The Alpha House homeless shelter in Scio Township is addressing some important needs


Alpha House is located at 4290 Jackson Road. photo by Lonnie Huhman

Scio Township is allocating some important funding toward helping an Ann Arbor-area homeless shelter expand its services through a renovation.

At the Nov. 1 special meeting, the Scio Township Board of Trustees approved the allocation of Scio Township's 2022 Community Development Block Grant (CDBG) funds to the Alpha House facility rehab project. The board also reallocated the township's 2021 CDBG funds to the Alpha House project.

The Sun Times News (STN) followed up with Alpha House about this news.

To learn more, STN connected with Ellen Schulmeister, the Executive Director at Alpha House.

She said Interfaith Hospitality Network operates Alpha House Family Shelter on Jackson Road.

“We provide shelter, food, clothing, toiletries and case management for adults with dependent children experiencing homelessness,” Schulmeister said. “We are a part of the Continuum of Care for people experiencing homelessness in Washtenaw County. We have six family rooms that can hold up to a family of four persons at one time. We receive referrals from the county wide centralized response when we have an opening.”

Their mission is to: support homeless families as they make a better life.

“We are focused on rehousing people,” Schulmeister said. “We help families obtain missing paperwork, find employment, apply for benefits, obtain health care, mental health treatment and recovery services.”

They also provide leasing support through a U.S. Department of Housing and Urban Development (HUD) program called Rapid Re Housing where homeless families receive a temporary lease support in order to be housed quickly while Alpha House continues to provide support services till they can take over the rent on their own.

In the township board’s meeting packet it says the “County Office of Community & Economic Development has proposed that the Township's 2022 annual allocation of CDBG funds be allocated to Alpha House to help fund its facility rehab project. The County further recommends the reallocation of the Township's 2021 CDBG funds from the Washtenaw County Community Mental Health (CMH) Cherrywood Lane project to the Alpha House project for the reasons stated in the attached letter.”

Here’s the letter to township supervisor Will Hathaway from Tara Cohen, Washtenaw County’s Housing and Infrastructure Manager:

“This letter is to inform you that our office, on behalf of the Washtenaw Urban County, has executed a Grant Agreement with the U.S. Department of Housing and Urban Development (HUD) for 2022-2023 Community Development Block Grant funding in the amount of $2,157,568.00.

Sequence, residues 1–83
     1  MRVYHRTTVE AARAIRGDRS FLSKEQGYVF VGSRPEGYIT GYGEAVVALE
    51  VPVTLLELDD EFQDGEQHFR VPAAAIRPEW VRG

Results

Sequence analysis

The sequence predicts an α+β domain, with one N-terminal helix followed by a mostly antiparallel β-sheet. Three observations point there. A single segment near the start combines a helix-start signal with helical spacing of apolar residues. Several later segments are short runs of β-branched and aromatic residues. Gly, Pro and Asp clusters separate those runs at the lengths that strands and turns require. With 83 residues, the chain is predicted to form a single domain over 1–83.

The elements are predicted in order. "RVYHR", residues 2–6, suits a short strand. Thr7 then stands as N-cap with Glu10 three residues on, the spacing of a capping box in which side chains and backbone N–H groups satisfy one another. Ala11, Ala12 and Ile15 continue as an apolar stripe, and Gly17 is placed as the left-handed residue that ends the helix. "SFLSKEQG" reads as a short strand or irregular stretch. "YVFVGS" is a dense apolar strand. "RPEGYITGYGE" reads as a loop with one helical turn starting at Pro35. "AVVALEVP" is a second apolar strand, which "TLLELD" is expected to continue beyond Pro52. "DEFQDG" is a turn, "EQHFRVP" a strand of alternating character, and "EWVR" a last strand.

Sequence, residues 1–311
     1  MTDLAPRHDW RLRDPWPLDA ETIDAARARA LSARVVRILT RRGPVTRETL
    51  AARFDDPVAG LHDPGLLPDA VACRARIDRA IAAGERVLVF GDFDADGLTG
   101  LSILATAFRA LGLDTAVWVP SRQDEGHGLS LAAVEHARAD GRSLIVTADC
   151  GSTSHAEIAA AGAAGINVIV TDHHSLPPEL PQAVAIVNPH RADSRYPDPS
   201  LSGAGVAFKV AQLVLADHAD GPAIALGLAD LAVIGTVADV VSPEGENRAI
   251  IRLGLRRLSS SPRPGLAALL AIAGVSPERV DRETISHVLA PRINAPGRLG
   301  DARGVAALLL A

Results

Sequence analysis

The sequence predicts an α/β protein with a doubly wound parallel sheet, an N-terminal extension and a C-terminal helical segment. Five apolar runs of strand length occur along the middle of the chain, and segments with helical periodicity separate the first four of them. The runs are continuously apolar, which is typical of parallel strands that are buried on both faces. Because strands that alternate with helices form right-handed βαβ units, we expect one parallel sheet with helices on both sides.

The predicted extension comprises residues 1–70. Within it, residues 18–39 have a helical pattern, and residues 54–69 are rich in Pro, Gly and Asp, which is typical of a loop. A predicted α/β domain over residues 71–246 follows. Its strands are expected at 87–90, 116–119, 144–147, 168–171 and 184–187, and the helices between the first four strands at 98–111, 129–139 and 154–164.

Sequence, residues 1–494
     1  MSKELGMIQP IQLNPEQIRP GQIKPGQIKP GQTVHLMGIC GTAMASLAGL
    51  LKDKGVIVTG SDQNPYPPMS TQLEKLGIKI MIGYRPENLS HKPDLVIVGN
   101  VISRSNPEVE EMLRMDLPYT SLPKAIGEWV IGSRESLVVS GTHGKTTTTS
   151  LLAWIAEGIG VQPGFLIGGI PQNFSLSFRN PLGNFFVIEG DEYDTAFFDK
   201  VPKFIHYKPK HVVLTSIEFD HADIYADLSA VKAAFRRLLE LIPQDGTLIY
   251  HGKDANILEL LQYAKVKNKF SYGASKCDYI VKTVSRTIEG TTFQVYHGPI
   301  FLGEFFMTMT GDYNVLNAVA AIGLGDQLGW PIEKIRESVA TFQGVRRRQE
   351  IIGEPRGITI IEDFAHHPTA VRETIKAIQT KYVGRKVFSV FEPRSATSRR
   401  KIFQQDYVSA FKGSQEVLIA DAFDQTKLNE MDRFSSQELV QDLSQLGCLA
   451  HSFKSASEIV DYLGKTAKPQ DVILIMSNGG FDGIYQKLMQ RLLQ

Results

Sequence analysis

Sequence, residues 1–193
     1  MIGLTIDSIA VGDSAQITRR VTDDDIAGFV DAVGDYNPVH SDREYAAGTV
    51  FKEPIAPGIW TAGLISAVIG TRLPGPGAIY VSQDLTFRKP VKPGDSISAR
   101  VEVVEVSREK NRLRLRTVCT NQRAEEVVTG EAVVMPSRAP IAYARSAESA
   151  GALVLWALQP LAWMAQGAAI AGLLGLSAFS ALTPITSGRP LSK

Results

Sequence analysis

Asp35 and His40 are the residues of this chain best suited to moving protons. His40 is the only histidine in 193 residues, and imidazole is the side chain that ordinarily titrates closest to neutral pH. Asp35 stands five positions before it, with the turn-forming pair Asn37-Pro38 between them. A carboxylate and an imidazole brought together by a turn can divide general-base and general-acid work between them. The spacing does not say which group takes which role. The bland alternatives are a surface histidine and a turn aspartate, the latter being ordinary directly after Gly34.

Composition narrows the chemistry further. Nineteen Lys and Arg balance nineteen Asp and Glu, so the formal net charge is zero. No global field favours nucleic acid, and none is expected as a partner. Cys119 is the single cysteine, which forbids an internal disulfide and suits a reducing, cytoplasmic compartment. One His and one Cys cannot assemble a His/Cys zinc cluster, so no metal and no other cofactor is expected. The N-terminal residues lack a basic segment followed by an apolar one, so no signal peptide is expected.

“With the execution of this grant agreement, this letter serves as acknowledgment that Scio Township has donated its 2022 CDBG allocation of $25,165 to Alpha House’s rehab project to expand their shelter facility.

“In 2021, the Township donated $16,000 of its 2021 CDBG allocation to Washtenaw County Community Mental Health (CMH) for an exterior rehab project of a residential facility on Cherrywood Lane. Ultimately, CMH was able to carry out this project without the use of CDBG funds. If the Township is amenable, we recommend reallocating the $16,000 to Alpha House to supplement the 2022 funds.

“We thank you for your continued involvement in the Urban County and welcome any questions you may have regarding your CDBG funding or any other matters.”

The total cost of the Alpha House project is expected to be about $130,000. The $25,000 from Scio Township will be very helpful, Schulmeister said. However, more is needed and at this time they are attempting to raise the balance of dollars in order to complete the project.

All together, Alpha House manages six families at a time in shelter and 35 families in scattered housing in Washtenaw County. Schulmeister said families stay at Alpha House for an average of 63 days.

“How fast we can re-house them depends on many factors including current availability of federal housing vouchers and affordable housing,” she said.

They usually “serve 80-ish families (which equals 240 people, including children) a year, unduplicated across both programs,” she explained.

A big reason behind Alpha House’s rehab project is the need.

Schulmeister said in the past 18 months the county lost a family shelter operation similar to Alpha House. It was Staples Family Shelter, which housed 6-7 families at a time.

“We are seeking to expand our operation by two families at a time (i.e. going from 6 to 8) in order to help replace lost capacity,” Schulmeister said. “We will not be expanding our foot print, but rather, converting two underused rooms into family rooms and converting a half bath into a full bath with a handicap accessible roll in shower.”

To learn more about Alpha House, go to

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